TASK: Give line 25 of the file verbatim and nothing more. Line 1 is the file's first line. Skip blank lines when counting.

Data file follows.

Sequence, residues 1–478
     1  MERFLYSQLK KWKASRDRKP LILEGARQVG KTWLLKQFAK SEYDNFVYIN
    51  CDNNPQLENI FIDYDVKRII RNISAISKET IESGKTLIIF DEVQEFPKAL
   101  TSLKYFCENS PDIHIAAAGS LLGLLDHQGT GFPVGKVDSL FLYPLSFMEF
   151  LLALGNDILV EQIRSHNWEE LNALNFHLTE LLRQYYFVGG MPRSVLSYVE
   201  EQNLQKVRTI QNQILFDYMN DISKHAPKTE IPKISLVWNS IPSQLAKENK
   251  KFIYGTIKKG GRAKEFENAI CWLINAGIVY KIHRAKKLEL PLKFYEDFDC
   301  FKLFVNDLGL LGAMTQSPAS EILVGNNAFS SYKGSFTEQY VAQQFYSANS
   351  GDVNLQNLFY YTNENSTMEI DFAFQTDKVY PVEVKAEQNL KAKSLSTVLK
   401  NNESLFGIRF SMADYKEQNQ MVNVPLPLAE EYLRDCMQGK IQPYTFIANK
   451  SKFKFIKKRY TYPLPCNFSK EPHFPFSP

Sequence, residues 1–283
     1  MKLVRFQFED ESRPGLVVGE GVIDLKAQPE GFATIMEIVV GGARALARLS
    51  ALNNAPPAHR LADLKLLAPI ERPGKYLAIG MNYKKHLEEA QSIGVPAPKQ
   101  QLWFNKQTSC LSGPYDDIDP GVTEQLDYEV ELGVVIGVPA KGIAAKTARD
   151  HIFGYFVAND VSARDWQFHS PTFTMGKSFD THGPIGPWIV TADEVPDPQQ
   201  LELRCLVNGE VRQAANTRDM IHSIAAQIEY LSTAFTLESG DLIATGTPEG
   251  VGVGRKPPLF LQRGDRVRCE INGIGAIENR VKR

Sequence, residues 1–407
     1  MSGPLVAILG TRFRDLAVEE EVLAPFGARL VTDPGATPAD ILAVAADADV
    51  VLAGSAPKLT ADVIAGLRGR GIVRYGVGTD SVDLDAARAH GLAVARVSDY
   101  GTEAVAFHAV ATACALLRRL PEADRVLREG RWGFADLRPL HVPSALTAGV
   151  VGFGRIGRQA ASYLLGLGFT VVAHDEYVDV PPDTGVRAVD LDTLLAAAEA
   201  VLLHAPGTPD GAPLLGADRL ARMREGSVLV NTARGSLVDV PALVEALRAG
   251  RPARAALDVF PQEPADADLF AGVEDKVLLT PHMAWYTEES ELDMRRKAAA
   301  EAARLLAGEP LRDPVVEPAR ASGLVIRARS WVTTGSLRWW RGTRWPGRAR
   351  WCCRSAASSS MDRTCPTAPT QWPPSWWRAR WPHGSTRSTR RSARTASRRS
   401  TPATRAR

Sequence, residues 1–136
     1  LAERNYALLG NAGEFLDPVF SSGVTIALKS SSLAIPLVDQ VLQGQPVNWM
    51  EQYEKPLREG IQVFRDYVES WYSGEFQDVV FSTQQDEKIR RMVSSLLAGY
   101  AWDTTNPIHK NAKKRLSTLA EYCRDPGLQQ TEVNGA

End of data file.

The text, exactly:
   251  RPARAALDVF PQEPADADLF AGVEDKVLLT PHMAWYTEES ELDMRRKAAA